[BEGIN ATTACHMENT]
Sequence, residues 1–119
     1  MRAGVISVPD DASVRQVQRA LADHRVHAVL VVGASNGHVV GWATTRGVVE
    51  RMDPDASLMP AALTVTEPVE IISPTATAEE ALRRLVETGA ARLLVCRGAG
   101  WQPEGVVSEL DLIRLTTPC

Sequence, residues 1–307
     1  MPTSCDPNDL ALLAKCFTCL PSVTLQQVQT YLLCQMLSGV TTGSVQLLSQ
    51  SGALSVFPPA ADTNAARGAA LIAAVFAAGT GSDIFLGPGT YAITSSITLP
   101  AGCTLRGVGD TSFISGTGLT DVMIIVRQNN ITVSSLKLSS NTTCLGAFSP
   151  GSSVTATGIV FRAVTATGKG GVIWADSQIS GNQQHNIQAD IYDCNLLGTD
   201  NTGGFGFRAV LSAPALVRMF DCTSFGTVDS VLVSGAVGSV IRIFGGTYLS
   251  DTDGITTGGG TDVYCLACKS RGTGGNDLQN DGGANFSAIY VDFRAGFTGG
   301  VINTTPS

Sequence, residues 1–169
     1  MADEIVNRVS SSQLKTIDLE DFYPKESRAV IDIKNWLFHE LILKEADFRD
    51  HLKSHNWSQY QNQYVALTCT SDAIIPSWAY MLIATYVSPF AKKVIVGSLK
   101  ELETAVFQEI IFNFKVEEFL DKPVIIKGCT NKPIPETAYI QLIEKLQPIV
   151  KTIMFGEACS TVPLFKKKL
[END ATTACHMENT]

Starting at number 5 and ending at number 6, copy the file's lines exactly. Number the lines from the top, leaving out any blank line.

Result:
Sequence, residues 1–307
     1  MPTSCDPNDL ALLAKCFTCL PSVTLQQVQT YLLCQMLSGV TTGSVQLLSQ